My Search-Imbued Laptop Purchase

It is early June when my colleague Morgan and I realized that we were both in the market for laptops with near-identical criteria. Primary requirements were that it be ultra-portable (less than 3 pounds), yet could serve as a primary computer. This implied that it have a decent size screen, sufficient hard drive space and a certain sexiness just for ego’s sake.

To make a long story short, our two-week conversion funnel consisted of a series of activities punctuated with searches. As it would seem, all roads either commence with or lead to search.


We commenced with a few direct navigation visits to Dell, Sony and CNET to gather the basic specs. From here we conducted a rash of blog searches to narrow down the list.

In-Store Visit

That week, Morgan agreed to meet me at Circuit City to assess the options. This took all of 10 minutes. Given the constant rain, we took advantage of the store’s Internet access to continue our search for the perfect computer. We found a few models that Circuit City didn’t offer, most notably an incredibly sexy Samsung Q30 sold only overseas. A quick Froogle search led us to a brief flirtation with buying the Samsung on eBay.


At home, I searched for additional sources selling the Samsung. Sure enough, I find a Britain-based retailer specializing in bringing the best of Japan to those in the United States. I fill out a contact request, and am promptly e-mailed a quote.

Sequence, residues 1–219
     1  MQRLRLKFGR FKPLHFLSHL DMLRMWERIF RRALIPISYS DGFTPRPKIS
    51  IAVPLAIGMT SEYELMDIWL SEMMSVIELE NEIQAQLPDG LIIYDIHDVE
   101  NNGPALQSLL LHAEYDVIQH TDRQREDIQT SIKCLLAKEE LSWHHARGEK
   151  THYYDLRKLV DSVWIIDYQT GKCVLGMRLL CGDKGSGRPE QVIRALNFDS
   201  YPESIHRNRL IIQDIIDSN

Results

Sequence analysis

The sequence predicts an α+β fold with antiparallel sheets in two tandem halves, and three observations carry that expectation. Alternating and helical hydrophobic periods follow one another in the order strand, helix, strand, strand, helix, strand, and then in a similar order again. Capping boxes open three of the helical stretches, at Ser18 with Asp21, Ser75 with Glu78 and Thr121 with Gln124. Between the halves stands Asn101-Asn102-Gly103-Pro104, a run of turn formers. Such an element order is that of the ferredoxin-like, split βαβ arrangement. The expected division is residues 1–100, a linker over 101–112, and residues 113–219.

Word of Mouth

Over the week, I discussed my impending purchase with Keith, a Sony VAIO loyalist. I was beginning to feel swayed, and swayed Morgan to meet me at the Sony store. We headed straight for the lightest machine on our list. Despite its sleek look, Morgan commented on the impossibly small screen: “Going blind just isn’t worth it.” Our hopes were dashed. We trudged across the street to RCS, where the selection was dismal, at best. To the salespersons’ chagrin, we spent an hour online conducting research on a product line not sold in stores: Dell.

A Phone Call

As it turns out, the Dell X1 is a neat little package. Morgan decided to call Dell to clarify a few points. He did. He also scored a nice discount. And a week or so later, our machines arrived.

Product Experience

Much has changed since I last bought a laptop.

Three years ago, I recall sitting on the floor installing software from a disk while speaking to customer service in India. Today, my laptop arrived with software already installed, which meant that the first 24 hours were spent pimping my machine.

And while this is where the funnel might seem to come to an end, it is really only the beginning. As I downloaded applications and set up passwords, it became apparent how deep my reliance on search had become. And we are not talking about Picasa, Google Earth, iTunes, Mozilla, Firefox and its search extensions — these are the progeny of our love affair with search. I started to wonder if I really needed Microsoft Office at all.

In a few years, perhaps I won’t.

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